Microservices design philosophies

Udy Dhansingh
4 min readNov 29, 2020

Disclaimer: Views and opinions expressed in this article are those of the authors and do not necessarily reflect the official policy or position of my current or previous employers.

Microservices and UNIX

Today’s microservices have so much in common with the legendary UNIX philosophy. Here are some connections that I believe resonate well with what most of us are doing today, to that was created nearly 60 years ago.

There is nothing like great or worse architecture, sometimes a bad decision is better than being indecisive, how can one achieve greatness?

Software architects are entrusted to solve business problems, an architect creates an elegant solution domain to a business problem. The design principles an architect employs to a solution are influenced by their experience and situational parameters. As a key stakeholder of the system/software an architect is creating or taking care of, he/she has to make timely decisions to ensure various needs of actors are addressed while a robust system is built and operationalized. To achieve great architecture, the foundational principles on which these decisions are made are important and often critical. Anyone can learn a great deal by studying patterns and anti-patterns from various existing systems to elevate everything they build to leap toward greatness.

Here are some of the philosophies that I’ve borrowed over time from UNIX creators to build various systems at start-ups and a few fortune 500 companies.

Disclaimer: Observations and opinions stated in this article are my own, and do not reflect those of my employer or others. The comparisons might be a stretch from where UNIX originated, and I believe that some of the principles can be applied wherever necessary to benefit from it.

Philosophy #1

Small is beautiful,

Simple is elegant,

Do one thing, and do it well!

Build modular programs.

Philosophy #1 translates to loose coupling; Single Responsibility Principle (SRP): A module should be responsible to one, and only one actor.

Focus on service boundaries for a given business case, and eliminate tight coupling. Consumers should not be impacted by the changes done to the services.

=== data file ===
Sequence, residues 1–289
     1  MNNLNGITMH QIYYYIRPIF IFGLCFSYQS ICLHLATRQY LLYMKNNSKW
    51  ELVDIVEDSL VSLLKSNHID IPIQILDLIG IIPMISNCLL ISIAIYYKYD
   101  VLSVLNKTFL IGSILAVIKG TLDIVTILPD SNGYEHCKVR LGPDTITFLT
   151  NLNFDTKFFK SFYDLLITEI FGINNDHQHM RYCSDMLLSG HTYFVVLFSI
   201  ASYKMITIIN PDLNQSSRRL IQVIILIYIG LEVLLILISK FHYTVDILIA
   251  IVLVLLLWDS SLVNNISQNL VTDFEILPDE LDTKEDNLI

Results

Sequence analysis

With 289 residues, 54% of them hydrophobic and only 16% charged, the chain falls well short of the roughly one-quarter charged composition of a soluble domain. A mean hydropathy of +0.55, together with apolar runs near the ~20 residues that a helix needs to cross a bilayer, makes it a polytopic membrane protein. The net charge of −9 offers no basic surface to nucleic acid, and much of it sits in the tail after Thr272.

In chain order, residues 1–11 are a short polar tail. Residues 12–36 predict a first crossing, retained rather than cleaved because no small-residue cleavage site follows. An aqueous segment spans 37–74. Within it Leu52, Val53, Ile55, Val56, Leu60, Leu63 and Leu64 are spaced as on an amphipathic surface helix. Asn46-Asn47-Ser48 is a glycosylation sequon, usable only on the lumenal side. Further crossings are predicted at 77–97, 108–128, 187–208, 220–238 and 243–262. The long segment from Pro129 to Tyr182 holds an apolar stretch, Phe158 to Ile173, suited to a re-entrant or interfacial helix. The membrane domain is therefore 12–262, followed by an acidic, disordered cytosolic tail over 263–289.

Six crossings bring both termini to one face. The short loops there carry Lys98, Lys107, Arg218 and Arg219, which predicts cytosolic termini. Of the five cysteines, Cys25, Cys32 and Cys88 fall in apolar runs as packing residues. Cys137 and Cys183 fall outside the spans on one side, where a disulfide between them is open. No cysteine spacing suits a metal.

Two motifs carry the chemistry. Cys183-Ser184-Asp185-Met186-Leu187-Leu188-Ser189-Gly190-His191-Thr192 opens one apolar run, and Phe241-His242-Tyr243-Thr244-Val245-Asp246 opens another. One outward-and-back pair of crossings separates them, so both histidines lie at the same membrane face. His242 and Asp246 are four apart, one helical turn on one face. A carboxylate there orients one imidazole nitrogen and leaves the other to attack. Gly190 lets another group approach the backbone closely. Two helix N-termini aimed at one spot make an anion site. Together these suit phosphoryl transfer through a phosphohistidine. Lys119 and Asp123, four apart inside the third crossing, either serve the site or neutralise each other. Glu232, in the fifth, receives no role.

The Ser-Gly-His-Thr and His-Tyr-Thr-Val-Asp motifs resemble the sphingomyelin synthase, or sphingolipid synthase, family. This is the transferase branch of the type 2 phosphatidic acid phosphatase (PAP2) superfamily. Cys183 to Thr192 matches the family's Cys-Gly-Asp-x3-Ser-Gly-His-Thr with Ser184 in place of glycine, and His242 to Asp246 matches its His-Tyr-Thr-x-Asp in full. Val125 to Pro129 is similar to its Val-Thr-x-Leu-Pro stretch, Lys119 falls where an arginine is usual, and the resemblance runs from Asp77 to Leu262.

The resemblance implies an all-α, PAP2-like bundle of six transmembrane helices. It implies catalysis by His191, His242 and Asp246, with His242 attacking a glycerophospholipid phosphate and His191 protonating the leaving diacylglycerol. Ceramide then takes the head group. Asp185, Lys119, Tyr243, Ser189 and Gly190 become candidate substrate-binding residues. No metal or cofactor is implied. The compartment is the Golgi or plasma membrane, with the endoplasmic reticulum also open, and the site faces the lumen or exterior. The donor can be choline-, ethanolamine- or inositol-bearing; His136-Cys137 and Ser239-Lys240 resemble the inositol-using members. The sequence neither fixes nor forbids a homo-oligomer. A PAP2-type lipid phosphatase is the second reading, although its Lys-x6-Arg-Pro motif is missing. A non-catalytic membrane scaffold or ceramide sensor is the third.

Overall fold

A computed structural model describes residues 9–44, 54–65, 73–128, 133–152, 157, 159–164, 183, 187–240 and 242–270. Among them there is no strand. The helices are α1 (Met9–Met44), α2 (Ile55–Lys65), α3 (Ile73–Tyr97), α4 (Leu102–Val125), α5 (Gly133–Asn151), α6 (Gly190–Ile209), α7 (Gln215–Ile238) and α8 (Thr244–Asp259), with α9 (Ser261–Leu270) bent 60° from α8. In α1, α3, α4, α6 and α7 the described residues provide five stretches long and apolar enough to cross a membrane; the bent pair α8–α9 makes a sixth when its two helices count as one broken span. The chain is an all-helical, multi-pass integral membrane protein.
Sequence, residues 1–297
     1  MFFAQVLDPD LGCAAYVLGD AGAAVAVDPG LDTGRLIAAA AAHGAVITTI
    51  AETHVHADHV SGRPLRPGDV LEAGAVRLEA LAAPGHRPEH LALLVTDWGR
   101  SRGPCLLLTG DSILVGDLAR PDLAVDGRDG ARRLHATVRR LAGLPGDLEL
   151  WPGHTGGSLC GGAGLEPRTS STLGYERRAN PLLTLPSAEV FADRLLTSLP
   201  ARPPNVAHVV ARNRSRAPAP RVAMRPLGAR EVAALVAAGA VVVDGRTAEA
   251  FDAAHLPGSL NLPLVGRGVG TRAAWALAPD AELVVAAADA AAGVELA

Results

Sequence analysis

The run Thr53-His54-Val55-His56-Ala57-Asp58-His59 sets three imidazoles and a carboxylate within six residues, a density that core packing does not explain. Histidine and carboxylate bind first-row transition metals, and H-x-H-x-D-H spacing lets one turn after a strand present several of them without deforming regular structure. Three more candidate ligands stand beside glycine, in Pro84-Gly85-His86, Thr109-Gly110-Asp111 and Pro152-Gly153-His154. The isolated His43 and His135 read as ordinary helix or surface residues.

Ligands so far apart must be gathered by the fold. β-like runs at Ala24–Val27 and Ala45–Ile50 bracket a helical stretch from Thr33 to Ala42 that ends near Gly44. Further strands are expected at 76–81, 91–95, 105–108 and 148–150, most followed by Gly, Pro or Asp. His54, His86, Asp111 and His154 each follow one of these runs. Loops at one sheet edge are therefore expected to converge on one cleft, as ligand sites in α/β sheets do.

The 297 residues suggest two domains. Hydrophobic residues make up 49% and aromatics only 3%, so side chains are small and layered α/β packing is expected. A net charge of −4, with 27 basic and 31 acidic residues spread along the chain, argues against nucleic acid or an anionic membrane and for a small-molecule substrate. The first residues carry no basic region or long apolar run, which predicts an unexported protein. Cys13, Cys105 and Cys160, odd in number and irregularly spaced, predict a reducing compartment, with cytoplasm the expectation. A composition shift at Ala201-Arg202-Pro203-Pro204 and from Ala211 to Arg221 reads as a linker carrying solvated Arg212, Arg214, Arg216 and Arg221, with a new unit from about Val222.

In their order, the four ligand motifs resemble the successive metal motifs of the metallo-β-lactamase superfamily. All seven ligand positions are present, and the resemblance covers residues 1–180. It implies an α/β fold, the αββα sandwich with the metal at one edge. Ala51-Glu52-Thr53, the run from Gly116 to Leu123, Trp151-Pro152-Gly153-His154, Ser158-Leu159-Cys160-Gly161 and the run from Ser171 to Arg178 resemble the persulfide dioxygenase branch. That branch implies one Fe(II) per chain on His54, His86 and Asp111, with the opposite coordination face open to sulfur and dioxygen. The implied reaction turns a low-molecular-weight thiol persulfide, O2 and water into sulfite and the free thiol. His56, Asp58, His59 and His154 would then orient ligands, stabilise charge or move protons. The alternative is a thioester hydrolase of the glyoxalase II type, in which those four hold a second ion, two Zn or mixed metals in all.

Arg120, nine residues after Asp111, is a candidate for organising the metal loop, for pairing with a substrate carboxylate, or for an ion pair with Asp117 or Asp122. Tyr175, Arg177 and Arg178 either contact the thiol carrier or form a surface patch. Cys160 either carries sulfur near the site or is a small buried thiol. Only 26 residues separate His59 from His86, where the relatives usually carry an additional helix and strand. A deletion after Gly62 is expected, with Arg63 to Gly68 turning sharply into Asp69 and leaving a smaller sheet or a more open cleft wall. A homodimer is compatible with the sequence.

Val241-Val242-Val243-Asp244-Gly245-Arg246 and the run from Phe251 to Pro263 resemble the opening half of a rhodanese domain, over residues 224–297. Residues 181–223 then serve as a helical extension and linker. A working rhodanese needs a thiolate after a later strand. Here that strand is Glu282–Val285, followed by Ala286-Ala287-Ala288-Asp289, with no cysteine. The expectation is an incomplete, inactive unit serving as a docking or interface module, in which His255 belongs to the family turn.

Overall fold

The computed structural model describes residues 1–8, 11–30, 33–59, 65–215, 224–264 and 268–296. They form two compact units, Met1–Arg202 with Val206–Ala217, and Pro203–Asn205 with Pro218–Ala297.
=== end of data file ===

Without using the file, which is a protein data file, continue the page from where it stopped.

UNIX Examples:

  • cat
  • date
  • cal

Service Examples:

  • UserService — Manages user data
  • AuthenticationService — Authorize users
  • PaymentService — Process payments for user invoice
  • InvoiceService — Creates invoices for user purchases

Philosophy #2

Make it work together,

Use composition,

Separation of concerns!

Philosophy #2 translates to reuse, composability, and automaticity: Focusing on business boundaries allows canonicalizing models, thus paving ways for services to participate and collaborate to achieve a common business need.

UNIX Example:

  • cat /etc/passwd | grep ironman | awk -F “:” ‘{print $5 }’

Service Examples:

  • InvoiceService — Creates an invoice for one or more user transactions, and notifies invoice readiness actors.
  • PaymentService — Processes payment for the given invoice and notifies actors (user and services)

Establish a contract such that the output generated by one program can be processed by another program even after the program implementation has changed. This allows new programs to do additional things business needs.

Philosophy #3

Least Surprise,




Philosophy #3 translates to fault tolerance: Each service by virtue is independent of the other, and has the opportunity to fail and recover. When one service fails, it must be noisy enough to make troubleshooting easy. Facilities are monitorable and internal states can be inspected. Has simple interfaces to allow easy manipulation.

UNIX Example:

  • cat /dev/null — the cat program should be able to handle any input, in case it cannot fail early with enough information to debug.

Service Examples:

  • PaymentService — Failure to process payment must be handled diligently and communicated to actors such that actors can retry or take corrective actions, data about why the failure occurred is very important.
  • Administrators should be able to toggle log levels, inspect program states and evaluate root causes.

Philosophy #4




Philosophy #4 translates to reuse: Close the code for modification, and open it for an extension. New capabilities are introduced by adding new APIs or by extending classes and setting up new endpoints. The prototype is first to get it working before optimizing; roll it out, test the waters and then make it robust. Abort investment in case you find something else already exists and solves your problem. Developer time is precious!

UNIX Example:

  • shell scripts — use existing commands and build your tools.

Service Examples:

  • PremiumSearchService — Provide quick turnaround and SLA for paid customers.


Greatness is a journey embraced with sacrifices, compromises, and adjustments. Make the foundation sturdy with solid principles and practices. Get, Set, and Evolve!